2018 (4 Years Ago)
This week in 2018, the Tygers Of Pan Tang were getting a listen. And the cut “Mirror” written by John Sykes got a post.
It’s a forgotten Sykes cut, released in 1981 on the “Spellbound” album.
2014 (8 Years Ago)
This week in 2014 was all about advice.
So the first piece of advice is; “Each style of music regardless of the genre will reach its pinnacle within 3 to 8 years and then a freeze would come across it.”
The 80’s hard rock scene began in 1981 and the freeze happened in 1992. Some bands found success again many years later and some acts never recovered.
Crossfade is a band I like but singer/guitarist Ed Sloan is a slow worker when it comes to new music. The review of their album “We All Bleed” is here.
It came out in 2011, five years from the last album. Five years is a long time to be gone from the music industry these days. A lot of living takes place. Fans grow older. Tastes change. At the moment they are 11 years gone with no new product. But Ed Sloan did release a few solo singles around 2017.
Glen Hughes is a survivor, a lifer who has survived a lot.
I’m a big fan of the melodic AOR rock style of Glenn Hughes so I wrote a “Primer” post on his melodic rock career with the disclaimer, “by no means is the list complete”.
Check it out. It covers a lot of ground and different artists like Deep Purple, John Norum, Don Dokken, Hughes Thrall, and Glenn Hughes.
Music used to be about finding some Avant garde musical and lyrical edge and pushing yourself and that edge to the limits.
Want to be as big as Metallica. Forget about the Napster court case and remember that Metallica was a band that had an edge. They were an outlier versus the LA Glam Rock movement.
And credibility is everything.
That is why Rock/Metal bands didn’t really last forever. Most acts had a shelf life of less than 10 years.
Credibility equals musical differences.
How long were The Beatles together? Eight or nine years.
What about the original line up of Kiss? Eight or nine years.
Twisted Sister (the version of Dee Snider, Jay Jay French, Eddie Ojeda, Mark Mendoza and AJ Pero) had a run of 7 years before AJ Pero was booted and another year after that the band itself was goneski for a long period of time.
Motley Crue had a run of 11 years before Vince Neil was outed.
Dokken had a run of 7 years before they went down in flames because George Lynch couldn’t get over the fact that the band he was in was called after the lead singer.
Niches. There are lots of them.
There’s always an audience that sees their scene as a sense of belonging and a badge of honor. In some cases, that sense of belonging is more important than the quality of the music.
If you really want to have success, you need to know as much information on music publishing. Because the longer you control your own publishing, the more power you will hold in negotiations if you have a hit song.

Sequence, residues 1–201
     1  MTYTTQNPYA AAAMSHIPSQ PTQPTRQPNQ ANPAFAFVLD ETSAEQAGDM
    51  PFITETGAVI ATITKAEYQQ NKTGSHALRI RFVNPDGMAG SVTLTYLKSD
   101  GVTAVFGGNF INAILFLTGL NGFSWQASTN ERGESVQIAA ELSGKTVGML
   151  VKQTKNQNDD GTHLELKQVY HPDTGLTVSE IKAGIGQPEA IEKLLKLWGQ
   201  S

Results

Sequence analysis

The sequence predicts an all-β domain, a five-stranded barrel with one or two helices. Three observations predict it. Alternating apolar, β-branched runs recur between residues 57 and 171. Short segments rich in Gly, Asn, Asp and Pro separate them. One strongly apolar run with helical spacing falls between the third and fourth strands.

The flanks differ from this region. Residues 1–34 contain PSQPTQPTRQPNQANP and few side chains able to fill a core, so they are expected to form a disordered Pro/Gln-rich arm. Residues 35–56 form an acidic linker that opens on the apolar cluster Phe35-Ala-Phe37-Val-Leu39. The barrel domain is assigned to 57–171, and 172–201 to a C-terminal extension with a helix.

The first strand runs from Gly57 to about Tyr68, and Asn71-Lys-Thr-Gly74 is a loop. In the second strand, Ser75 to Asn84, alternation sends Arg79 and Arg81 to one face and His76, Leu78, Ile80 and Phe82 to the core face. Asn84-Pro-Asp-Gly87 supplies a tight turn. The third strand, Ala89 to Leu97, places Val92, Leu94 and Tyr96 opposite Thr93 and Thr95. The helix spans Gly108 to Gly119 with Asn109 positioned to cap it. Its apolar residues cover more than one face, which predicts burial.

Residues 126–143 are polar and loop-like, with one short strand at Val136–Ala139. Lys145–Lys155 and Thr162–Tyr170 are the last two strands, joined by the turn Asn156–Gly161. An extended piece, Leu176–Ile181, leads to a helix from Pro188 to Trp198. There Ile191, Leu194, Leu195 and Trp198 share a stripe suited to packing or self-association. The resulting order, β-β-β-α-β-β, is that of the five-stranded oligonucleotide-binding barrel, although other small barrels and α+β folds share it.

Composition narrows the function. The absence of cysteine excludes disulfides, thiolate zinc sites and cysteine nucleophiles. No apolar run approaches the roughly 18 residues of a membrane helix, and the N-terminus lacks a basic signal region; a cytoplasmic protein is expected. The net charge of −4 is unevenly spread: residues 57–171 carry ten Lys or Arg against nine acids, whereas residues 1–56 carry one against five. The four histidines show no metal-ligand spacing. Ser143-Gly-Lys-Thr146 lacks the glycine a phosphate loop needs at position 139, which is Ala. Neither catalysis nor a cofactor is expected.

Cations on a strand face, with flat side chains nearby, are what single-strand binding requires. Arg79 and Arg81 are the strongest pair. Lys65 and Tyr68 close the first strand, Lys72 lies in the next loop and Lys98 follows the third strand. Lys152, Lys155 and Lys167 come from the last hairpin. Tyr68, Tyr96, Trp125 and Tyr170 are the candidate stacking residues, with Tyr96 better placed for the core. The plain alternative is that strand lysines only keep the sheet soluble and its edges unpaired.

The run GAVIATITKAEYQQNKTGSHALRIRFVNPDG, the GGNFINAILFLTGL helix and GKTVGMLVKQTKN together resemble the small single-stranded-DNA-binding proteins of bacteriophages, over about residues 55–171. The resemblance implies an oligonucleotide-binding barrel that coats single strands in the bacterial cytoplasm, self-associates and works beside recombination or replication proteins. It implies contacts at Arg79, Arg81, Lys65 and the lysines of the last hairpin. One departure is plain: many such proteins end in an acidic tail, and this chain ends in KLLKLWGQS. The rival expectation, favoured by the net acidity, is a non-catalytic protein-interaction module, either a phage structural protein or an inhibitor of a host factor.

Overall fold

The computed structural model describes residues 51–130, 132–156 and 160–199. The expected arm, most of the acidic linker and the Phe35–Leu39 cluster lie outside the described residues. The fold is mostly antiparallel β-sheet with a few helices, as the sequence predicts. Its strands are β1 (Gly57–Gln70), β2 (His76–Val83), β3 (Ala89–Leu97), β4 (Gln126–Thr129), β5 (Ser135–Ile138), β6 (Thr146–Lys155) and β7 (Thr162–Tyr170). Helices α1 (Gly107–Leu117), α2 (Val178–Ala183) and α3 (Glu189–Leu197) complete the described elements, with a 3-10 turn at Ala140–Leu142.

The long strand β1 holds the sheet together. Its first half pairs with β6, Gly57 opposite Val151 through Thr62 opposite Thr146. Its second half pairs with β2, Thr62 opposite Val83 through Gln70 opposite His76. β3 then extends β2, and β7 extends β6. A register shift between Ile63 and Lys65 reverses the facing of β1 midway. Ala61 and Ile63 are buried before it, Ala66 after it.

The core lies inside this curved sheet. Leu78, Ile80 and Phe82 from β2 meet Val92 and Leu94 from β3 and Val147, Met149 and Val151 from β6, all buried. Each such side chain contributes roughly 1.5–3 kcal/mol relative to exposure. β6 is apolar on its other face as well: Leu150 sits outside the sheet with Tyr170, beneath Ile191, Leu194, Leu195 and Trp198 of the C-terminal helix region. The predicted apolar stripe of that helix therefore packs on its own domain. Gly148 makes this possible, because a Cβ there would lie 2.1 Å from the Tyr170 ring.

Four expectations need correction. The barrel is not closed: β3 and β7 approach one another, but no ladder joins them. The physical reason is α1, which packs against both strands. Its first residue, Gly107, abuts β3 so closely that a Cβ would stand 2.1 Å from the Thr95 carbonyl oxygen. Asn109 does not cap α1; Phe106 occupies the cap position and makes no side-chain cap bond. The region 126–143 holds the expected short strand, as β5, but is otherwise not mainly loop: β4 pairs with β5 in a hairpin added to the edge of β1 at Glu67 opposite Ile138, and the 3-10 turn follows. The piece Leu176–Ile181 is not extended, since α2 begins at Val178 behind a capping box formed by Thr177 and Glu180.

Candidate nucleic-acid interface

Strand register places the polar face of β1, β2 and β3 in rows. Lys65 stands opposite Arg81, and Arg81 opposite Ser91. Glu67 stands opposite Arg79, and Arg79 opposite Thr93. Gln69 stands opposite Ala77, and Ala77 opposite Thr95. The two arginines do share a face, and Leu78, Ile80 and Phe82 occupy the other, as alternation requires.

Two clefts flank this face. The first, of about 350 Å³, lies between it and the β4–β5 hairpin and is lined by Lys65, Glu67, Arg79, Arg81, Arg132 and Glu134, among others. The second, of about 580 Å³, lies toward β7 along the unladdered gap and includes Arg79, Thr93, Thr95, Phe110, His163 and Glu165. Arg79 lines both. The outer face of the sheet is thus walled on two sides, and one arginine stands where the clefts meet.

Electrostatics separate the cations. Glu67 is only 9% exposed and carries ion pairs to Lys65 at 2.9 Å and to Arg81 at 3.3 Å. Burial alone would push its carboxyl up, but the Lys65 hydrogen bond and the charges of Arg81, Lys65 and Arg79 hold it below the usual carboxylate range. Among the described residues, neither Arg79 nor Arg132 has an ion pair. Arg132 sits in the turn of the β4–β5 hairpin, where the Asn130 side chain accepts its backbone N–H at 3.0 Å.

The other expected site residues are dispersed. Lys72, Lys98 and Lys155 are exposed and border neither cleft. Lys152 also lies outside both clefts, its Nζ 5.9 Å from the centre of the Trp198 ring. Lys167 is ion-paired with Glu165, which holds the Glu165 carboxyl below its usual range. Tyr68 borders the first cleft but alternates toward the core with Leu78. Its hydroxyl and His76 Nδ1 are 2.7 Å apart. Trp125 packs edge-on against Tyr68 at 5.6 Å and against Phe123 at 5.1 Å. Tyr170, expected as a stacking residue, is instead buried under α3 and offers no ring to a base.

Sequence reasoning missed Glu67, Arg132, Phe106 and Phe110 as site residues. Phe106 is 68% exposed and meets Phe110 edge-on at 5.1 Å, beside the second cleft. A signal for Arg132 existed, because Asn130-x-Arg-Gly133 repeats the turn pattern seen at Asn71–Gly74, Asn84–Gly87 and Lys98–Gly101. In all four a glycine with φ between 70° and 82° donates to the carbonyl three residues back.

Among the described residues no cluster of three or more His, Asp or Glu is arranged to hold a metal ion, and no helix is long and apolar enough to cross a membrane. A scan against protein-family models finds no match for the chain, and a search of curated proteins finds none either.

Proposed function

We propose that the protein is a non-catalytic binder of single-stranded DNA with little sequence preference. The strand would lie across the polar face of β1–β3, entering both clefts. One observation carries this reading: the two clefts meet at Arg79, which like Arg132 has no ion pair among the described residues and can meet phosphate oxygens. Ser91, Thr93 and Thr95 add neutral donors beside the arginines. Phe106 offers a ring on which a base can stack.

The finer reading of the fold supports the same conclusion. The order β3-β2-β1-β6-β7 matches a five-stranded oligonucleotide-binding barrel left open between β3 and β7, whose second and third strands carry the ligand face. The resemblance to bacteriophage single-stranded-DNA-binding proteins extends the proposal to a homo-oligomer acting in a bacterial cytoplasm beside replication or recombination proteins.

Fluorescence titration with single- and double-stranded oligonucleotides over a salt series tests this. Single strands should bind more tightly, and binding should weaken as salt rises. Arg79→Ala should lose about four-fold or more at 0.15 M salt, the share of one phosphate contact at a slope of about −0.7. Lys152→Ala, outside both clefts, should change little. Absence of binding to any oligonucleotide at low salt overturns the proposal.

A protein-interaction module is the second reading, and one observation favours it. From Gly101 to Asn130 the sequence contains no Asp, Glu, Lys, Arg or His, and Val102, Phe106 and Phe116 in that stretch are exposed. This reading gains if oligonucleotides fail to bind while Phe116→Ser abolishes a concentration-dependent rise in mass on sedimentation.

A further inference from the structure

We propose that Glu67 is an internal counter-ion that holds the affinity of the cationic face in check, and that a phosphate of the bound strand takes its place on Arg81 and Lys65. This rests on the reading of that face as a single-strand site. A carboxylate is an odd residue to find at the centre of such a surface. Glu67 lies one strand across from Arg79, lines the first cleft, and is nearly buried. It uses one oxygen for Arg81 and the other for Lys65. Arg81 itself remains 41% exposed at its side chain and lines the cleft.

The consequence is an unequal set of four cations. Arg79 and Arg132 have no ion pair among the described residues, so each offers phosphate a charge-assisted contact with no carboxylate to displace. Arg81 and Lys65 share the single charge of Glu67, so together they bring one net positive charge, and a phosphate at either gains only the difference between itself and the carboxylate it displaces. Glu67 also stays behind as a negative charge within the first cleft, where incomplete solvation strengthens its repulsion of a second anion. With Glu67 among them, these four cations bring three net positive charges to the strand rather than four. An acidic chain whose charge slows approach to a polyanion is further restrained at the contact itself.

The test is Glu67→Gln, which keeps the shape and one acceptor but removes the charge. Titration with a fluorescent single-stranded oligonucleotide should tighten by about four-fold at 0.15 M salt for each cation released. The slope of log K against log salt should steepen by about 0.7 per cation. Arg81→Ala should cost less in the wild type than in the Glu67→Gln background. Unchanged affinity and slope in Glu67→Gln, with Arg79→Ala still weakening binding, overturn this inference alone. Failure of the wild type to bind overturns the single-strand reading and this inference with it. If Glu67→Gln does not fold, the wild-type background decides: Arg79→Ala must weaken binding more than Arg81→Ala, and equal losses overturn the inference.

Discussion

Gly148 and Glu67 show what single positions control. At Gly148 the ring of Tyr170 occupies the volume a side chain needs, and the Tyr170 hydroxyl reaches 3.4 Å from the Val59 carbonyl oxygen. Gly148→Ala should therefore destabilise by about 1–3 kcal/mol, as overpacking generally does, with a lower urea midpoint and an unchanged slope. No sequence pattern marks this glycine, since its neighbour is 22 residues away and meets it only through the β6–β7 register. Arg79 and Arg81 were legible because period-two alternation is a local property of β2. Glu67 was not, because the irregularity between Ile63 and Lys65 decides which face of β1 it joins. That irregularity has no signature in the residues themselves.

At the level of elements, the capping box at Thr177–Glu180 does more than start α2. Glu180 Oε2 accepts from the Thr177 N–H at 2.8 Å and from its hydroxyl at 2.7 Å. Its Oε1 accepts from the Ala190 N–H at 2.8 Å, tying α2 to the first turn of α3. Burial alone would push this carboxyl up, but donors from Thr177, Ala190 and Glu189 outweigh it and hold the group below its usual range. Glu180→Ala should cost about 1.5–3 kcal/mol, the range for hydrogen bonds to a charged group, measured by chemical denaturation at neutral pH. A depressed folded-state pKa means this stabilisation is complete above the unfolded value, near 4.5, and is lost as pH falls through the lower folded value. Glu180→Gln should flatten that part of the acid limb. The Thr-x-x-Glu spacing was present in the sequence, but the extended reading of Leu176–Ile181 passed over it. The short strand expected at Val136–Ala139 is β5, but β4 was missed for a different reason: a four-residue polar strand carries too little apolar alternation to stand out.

If you really want to have success, don’t hand over your copyright unless you are aware of the consequences of doing so.
Because there is so much music available we gravitate to what is great. And that could happen the instant you put out a new song or it could happen years after. Sometimes decades.
Which means there will be fewer acts that will reach critical mass. And for the ones that miss the old days guess what, they are never coming back. A career in the music business was always about that one song.
It was a lifestyle of round ’em up from whatever place or establishment they were in, go on the road, and see what happens.
In between trips they will write songs, try em out live, and then go and record the tracks that worked the best in a live setting. Some people got rich in the process and others got rich from the lifestyle.
Towards the end of the seventies, artists ceased doing it this way.
Because of the “Blockbuster” record label business model.
In the music business, the Blockbuster Business Model refers to a method of spending large amounts of money on recording and marketing, with the hope that the music will become a blockbuster, generating high returns. If a band had some traction, then they were perfect candidates for the “Blockbuster Record”. Plus it also helped that before the Soundscan era, the record labels found a loophole in the certification process that was based on distribution numbers instead of sales numbers.
Artists started to spend 12 months in a studio and albums started to cost millions.
The record labels knew what they were doing. Spend millions recording it, then print up a million copies of it and you have a platinum record to give to the band.
So do you want to know what being in a band is really like now?
It is a lifestyle of writing and releasing songs, connecting with fans and being as human as possible. Some people will make money in the process, some people will walk away and complain that piracy is killing everything and then others will still get rich from the lifestyle. When the song turns into a great song, the band will hit the road.
4 thoughts on “The Week In Destroyer Of Harmony History – May 9 to May 15”
Dokken one of the best bands to come out of LA in the 80s to have it all and piss it away by 1988! That’s all! lol
That’s the Dokken bio right there. Twitter style.
I picked up those early Tygers albums on vinyl a few years ago, some really good stuff on those that seems to have gone overlooked.
My musical interests changed a lot growing up. Nowadays, the longest I’ve like a band/artist was four years. So waiting four, five, yet alone 11 years for a new album seems like forever!